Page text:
Legendary Pittsburgh Steelers owner Dan Rooney, whose impact on professional football off the field eclipsed even his team’s six Super Bowl championships, died Thursday.
He was 84.
Inheriting the Steelers from his father and team founder, Art Sr., in the ’60s, he hired a then-little regarded coaching assistant from the Colts by the name of Chuck Noll to lead the team. Within 12 years, he had amassed the team’s first four Super Bowl trophies.
“Under his leadership since the late 1960s, the Steelers transformed from lovable losers into a Super Bowl dynasty in the 1970s and remain among the most successful and popular franchises in the game,” writes Pittsburgh Post-Gazette columnist Ed Bouchette in his tribute.
One of the most well-respected owners in the NFL, Rooney was instrumental in settling two players’ strikes and led the fight to institute the “Rooney” Rule, which mandates that teams must interview at least one minority candidate for head coaching vacancies in an effort to increase diversity. (To that point, the Steelers’ current head coach, Mike Tomlin, is one of eight minority head coaches in the league today.)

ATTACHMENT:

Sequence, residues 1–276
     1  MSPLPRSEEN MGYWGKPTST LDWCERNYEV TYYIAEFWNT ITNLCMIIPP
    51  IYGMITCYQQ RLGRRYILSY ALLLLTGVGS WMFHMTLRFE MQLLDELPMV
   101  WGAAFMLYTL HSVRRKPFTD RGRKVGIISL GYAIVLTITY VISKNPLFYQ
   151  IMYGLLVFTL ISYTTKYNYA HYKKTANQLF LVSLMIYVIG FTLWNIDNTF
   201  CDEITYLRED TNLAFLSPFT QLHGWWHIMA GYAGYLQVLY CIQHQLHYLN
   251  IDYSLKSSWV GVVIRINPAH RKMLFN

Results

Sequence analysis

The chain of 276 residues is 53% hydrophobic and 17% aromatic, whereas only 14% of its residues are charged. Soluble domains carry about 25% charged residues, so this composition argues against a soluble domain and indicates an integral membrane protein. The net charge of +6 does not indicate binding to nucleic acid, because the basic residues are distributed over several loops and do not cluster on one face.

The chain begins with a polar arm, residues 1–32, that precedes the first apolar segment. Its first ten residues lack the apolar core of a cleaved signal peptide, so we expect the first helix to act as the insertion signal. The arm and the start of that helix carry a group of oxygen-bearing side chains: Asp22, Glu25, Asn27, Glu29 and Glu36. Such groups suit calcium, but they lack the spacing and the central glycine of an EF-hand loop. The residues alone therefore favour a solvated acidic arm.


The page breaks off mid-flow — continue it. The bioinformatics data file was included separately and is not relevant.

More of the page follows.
He joined his father in the Pro Football Hall of Fame in 2000.
Off the field, he proved a leader as well, serving as the U.S. Ambassador to Ireland at then–President Obama’s behest.
He served in that post until 2012, still flying from Dublin to watch the Steelers play home games.